Interest Rates: While the Federal Reserve did increase interest rates by 0.25 percentage point in late December, many financial analysts say that further increases are unlikely in the foreseeable future. Ten- year T-bill rates have been steadily declining over the last 25 years, and the current 10-year Treasury rate remains at a historically low level. A lack of meaningful returns on long-term investments will necessitate future premium increases, likely coupled with increases in policy retentions to offset increasing losses in future years.

Reinsurance: According to a recent study published by Ernst & Young, the property/casualty reinsurance marketplace has enjoyed three consecutive years of positive underwriting results, but each successive year since 2013 has produced a smaller underwriting profit than the last. In 2013, reinsurers generated a 3% underwriting profit followed by a 2% profit in 2014 and finally an underwriting profit of less than 1% in 2015. Like most insurance carriers, reinsurers utilize investment income to offset underwriting losses. As the long-term outlook for investments languishes, reinsurance carriers are likely to move their premiums and retentions upward to generate additional revenue, thus increasing the cost of underlying policies, including excess insurance.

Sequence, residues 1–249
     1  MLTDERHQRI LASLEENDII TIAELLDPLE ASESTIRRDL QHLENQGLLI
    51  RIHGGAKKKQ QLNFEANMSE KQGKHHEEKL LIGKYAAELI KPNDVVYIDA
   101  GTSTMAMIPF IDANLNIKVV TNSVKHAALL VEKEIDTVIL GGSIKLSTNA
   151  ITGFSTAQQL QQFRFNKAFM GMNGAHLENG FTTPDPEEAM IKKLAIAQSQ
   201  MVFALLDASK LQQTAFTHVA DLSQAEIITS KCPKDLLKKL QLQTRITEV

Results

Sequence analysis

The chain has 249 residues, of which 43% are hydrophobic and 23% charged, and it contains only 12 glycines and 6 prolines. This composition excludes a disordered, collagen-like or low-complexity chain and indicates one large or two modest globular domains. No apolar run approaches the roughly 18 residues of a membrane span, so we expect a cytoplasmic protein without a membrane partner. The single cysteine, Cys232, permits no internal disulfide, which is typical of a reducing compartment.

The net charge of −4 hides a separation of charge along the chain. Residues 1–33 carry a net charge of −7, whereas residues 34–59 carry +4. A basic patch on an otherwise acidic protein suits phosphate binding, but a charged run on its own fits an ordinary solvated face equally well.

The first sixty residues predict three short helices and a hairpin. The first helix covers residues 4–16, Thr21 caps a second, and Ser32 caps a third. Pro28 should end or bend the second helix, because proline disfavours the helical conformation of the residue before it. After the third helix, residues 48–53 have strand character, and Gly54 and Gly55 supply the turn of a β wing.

Regulatory Matters: Workers’ compensation rules and regulations are fairly well-established in most states, but a number of recent developments at the federal and state levels may hurt workers’ compensation programs nationwide. The federal government continues to seek cost-shifting options under the Affordable Care Act (ACA) to state workers’ compensation programs. Later this year, state Medicaid programs will be permitted to recover entire liability settlements from state workers’ compensation plans – as opposed to just the amount related to the medical portion of the settlement. At the state level, there are an increasing number of challenges to the “exclusive remedy” provision of most workers’ compensation systems. Florida’s Supreme Court is currently deliberating such a challenge. Should the court rule in favor of the plaintiffs, Florida employers could be exposed to increased litigation from injured workers. A ruling against exclusive remedy could possibly set precedent for plaintiff attorneys to bring similar litigation in other states. Lastly, allowing injured workers to seek remedies outside of the workers’ compensation system would strip carriers and employers of many cost-containment options.

Ebola and Beyond: Protecting Self-Insured Work Comp Plans